Kadyrov offers resignation 

Kadyrov offers resignation 

Chechnya’s leader Ramzan Kadyrov (pictured) says he is ready to resign and let the Kremlin choose his successor.

Kadyrov, 41, has been accused of ordering arbitrary arrests and torture of opponents, members of the gay community and hardline political declarations that have embarrassed President Vladimir Putin.

But some observers say the strongman leader of the past decade has no intention of quitting and was primarily seeking public affirmation from the Kremlin.

Kadyrov was groomed by the Kremlin for his role after his father’s 2004 murder.

A former rebel who has led Chechnya since 2007, he was endorsed by Putin in March 2016 to continue in the role, while being told that Russian law must be strictly enforced in the majority-Muslim republic.

Kadyrov made similar offers to resign in the past which went nowhere. He was re-elected last year for a five-year term after Putin gave his personal blessing for him to continue.

Kadyrov told Rossiya 1 national television.: “It is possible to say that it is my dream [to resign].”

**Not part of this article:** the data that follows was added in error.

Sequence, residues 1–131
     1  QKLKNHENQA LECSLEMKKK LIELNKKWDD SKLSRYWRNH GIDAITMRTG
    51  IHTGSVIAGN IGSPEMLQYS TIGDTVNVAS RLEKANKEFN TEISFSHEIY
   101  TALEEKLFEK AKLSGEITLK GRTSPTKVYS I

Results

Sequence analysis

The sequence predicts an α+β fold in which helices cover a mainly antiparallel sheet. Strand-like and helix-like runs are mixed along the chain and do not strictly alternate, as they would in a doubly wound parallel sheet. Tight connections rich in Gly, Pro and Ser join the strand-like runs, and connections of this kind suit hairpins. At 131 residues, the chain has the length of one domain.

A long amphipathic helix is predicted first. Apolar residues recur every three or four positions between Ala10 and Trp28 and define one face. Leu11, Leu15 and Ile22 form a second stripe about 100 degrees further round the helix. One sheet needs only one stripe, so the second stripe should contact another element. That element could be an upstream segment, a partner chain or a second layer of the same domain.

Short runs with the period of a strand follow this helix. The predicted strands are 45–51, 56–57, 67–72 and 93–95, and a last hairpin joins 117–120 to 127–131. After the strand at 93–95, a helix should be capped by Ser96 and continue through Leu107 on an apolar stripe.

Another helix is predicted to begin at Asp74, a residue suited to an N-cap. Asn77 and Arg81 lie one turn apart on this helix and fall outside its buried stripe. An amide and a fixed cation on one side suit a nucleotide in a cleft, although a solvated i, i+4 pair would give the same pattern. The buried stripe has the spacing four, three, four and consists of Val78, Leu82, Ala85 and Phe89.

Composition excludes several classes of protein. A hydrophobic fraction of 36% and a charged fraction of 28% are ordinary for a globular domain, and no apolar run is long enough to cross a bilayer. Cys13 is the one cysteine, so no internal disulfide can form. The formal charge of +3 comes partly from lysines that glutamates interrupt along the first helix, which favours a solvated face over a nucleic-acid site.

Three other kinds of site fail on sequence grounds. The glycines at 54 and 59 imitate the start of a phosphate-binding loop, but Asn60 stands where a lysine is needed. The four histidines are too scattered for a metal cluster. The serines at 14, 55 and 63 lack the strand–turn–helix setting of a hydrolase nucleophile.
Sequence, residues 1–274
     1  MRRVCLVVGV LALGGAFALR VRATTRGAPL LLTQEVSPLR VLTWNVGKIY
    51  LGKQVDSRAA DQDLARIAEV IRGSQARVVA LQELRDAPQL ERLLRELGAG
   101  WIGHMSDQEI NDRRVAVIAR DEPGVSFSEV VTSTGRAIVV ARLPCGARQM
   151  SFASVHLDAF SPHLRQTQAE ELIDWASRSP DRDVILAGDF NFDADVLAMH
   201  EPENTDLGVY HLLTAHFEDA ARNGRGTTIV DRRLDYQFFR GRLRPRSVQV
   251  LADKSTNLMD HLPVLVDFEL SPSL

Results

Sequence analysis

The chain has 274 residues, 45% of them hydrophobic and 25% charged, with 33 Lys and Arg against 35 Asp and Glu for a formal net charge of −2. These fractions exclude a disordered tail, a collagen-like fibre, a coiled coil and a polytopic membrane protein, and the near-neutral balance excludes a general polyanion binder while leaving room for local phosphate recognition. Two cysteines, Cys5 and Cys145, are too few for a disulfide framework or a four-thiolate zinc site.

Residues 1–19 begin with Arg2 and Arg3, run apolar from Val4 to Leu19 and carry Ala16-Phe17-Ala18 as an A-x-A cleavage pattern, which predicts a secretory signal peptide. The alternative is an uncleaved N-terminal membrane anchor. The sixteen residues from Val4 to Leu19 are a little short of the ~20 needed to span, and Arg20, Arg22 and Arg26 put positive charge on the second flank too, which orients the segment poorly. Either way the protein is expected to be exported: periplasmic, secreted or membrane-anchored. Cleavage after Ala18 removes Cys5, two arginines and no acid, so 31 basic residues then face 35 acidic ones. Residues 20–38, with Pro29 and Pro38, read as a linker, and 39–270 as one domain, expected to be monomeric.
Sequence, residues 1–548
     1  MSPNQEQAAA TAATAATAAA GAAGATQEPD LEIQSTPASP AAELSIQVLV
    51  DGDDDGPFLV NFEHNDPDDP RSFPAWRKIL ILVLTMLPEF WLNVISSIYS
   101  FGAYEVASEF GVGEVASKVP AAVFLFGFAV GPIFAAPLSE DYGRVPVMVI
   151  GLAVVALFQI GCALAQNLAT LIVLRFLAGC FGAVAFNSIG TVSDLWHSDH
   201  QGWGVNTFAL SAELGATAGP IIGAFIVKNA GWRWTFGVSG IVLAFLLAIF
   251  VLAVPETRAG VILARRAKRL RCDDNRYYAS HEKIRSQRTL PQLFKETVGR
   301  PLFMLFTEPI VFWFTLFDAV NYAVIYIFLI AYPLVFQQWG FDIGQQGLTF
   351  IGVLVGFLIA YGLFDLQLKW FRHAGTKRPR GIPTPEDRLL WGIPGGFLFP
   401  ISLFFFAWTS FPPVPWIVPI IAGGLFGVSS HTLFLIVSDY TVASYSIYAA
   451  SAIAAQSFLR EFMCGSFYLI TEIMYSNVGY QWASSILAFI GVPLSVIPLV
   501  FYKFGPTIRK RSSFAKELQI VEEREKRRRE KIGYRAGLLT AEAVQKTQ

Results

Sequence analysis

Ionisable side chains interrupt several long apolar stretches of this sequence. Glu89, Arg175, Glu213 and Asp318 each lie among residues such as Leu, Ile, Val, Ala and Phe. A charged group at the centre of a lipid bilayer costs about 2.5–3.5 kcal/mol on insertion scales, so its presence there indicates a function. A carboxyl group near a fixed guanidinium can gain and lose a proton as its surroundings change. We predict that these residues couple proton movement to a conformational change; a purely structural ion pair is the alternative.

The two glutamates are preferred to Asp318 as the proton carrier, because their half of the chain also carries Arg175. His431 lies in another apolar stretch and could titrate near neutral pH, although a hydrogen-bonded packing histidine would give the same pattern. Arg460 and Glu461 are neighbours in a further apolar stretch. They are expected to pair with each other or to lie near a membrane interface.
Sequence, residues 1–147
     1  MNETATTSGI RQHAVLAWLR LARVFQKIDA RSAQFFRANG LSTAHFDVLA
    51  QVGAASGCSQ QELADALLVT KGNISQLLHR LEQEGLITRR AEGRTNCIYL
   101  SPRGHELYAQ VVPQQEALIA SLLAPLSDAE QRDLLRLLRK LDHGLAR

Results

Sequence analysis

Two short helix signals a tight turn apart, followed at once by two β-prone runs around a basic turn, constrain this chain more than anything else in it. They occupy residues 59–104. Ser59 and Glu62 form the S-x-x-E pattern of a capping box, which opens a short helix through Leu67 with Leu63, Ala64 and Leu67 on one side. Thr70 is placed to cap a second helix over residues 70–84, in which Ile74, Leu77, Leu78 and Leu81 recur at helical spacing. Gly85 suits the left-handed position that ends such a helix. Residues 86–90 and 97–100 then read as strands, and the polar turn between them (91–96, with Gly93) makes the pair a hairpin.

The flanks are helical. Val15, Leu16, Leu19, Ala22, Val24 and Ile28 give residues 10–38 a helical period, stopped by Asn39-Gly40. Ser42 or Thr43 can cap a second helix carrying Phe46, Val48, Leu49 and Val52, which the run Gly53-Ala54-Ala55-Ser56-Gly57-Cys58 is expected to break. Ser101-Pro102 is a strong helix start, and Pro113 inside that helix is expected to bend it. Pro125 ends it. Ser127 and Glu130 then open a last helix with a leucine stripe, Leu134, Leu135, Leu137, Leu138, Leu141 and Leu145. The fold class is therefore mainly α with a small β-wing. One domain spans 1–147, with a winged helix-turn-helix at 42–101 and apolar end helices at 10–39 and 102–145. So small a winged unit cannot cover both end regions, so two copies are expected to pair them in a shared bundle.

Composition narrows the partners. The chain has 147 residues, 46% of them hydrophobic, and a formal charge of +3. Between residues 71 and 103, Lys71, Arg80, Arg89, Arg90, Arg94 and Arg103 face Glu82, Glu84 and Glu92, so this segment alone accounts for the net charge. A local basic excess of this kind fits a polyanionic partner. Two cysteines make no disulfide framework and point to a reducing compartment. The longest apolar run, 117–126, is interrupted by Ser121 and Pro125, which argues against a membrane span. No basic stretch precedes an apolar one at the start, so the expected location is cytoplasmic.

Amid footage of him firing weapons, boxing, riding a horse and strolling around lavish gardens and buildings, he said: “Once there was a need for people like me to fight, to put things in order. Now we have order and prosperity … and time has come for changes in the Chechen Republic.

“If I am asked … there are several people who are 100-per-cent capable of carrying out these duties at the highest level.”

Putin is expected to announce that he will run for his fourth term as president in the spring.

It has been suggested by some Kremlin observers that the 65-year-old’s association with Kadyrov may be exploited by opponents during the election campaign.

The former KGB spy has started clearing out the old Russian political elite to bring in younger leaders in a process that has seen some regional bosses pressured to resign.

Chechnya was destroyed by two wars with pro-independence insurgents and has been rebuilt thanks to generous financial handouts from Moscow. It remains one of Russia’s most heavily subsidised regions.

The interview could have been a means to put pressure on Moscow to win concessions on federal financing as the Grozny government moves toward adopting a state budget for the next three years.

Calling Putin his “idol”, Kadyrov told the broadcaster: “I am ready to die for him, to fulfill any order.”

Chechnya’s leader Ramzan Kadyrov with Russian President Vladimir Putin. Picture credit: Kremlin

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